The Israeli security cabinet approved on Sunday the sale of three advanced Phalcon spy planes to India. The transaction is valued at $1.1 billion, Israel Radio reported.
According to local media, Israeli Prime Minister Ariel Sharon finalized the details of the purchase agreement during a visit to India in September. Sharon’s four-day stay was the first ever visit by an Israeli premier to the country since both states established diplomatic relations in 1992.
India and Israel were close to sealing the deal last year, as part of a defense accord between the two countries, when Washington stepped in. Voicing opposition to the transaction, the Bush administration informed Israeli officials that it would withhold a one-billion-dollar special military grant for the Jewish state should the Phalcon deal with India materialize. New Delhi papers linked American opposition to the Indian stand on the Iraq war.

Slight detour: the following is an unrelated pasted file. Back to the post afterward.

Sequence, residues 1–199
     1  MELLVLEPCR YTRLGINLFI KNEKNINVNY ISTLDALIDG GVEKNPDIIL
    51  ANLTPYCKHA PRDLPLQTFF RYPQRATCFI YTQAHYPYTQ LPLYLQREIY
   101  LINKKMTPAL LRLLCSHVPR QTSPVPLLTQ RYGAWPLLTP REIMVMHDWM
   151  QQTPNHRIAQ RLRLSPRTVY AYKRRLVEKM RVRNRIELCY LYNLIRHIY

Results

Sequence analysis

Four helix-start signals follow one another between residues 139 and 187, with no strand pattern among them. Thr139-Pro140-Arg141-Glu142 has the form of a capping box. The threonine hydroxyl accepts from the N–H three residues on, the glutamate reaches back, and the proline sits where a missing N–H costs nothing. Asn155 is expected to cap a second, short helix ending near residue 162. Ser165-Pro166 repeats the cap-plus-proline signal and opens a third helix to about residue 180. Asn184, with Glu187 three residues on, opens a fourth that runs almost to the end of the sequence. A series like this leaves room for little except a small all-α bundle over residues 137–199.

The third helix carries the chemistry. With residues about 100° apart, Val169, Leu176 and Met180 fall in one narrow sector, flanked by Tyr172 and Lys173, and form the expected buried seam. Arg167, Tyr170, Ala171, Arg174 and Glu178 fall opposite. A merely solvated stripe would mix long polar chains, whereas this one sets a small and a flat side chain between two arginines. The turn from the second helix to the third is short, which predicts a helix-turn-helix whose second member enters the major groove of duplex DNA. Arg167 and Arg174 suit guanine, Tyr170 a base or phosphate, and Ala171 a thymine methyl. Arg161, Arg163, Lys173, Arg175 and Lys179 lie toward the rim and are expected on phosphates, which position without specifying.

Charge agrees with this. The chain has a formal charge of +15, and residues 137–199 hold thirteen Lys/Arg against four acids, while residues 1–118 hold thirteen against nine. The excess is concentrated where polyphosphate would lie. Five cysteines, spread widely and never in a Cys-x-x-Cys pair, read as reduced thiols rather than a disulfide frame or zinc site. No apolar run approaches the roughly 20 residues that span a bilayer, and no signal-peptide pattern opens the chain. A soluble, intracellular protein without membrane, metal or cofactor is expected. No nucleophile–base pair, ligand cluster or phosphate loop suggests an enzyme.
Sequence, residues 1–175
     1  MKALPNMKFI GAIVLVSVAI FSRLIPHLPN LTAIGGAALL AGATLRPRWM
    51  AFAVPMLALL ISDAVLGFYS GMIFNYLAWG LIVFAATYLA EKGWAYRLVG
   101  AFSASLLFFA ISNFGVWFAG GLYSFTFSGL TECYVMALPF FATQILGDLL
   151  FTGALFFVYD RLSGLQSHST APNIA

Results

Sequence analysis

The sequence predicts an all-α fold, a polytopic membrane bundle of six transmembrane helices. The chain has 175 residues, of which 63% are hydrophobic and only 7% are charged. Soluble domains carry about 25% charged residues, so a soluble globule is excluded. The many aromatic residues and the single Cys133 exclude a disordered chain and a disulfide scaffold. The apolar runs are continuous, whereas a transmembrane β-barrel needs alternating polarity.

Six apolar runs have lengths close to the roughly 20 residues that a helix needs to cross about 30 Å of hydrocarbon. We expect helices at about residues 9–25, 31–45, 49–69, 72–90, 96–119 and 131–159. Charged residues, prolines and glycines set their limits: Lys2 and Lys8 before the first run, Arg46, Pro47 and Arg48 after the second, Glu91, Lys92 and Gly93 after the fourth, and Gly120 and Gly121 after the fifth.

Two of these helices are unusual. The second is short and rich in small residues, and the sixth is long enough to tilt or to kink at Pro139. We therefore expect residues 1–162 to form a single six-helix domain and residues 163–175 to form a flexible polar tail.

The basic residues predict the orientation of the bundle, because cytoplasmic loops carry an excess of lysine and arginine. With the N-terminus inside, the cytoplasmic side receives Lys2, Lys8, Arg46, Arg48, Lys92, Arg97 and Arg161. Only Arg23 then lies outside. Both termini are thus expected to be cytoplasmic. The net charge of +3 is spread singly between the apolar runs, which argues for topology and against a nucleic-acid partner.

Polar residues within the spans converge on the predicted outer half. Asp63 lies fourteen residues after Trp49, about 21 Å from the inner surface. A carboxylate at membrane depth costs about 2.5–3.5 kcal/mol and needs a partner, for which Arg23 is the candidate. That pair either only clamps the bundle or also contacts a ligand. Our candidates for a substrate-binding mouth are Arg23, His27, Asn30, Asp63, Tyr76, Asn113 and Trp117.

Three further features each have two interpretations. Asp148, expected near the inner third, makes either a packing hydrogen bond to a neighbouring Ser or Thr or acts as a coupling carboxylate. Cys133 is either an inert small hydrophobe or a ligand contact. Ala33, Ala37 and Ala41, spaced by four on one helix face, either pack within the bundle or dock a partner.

However, The Times of India reported in January that the White House had changed its stance on the matter as US officials told their Indian counterparts that they no longer opposed the transaction.
Israel and India have long established tight cooperation between their defense industries. According to the US Central Intelligence Agency (CIA), the Jewish state is reported to have already furnished India with the Greenpine radar and a Harpy unmanned aerial vehicle (UAV).
Ranked as an arms export heavyweight, Israel is forecasted to remain one of the world’s top five defense exporters for 2003. The state was ranked third for 2002 by Defense News in June. The United States and Russia held the top two positions. — (menareport.com)
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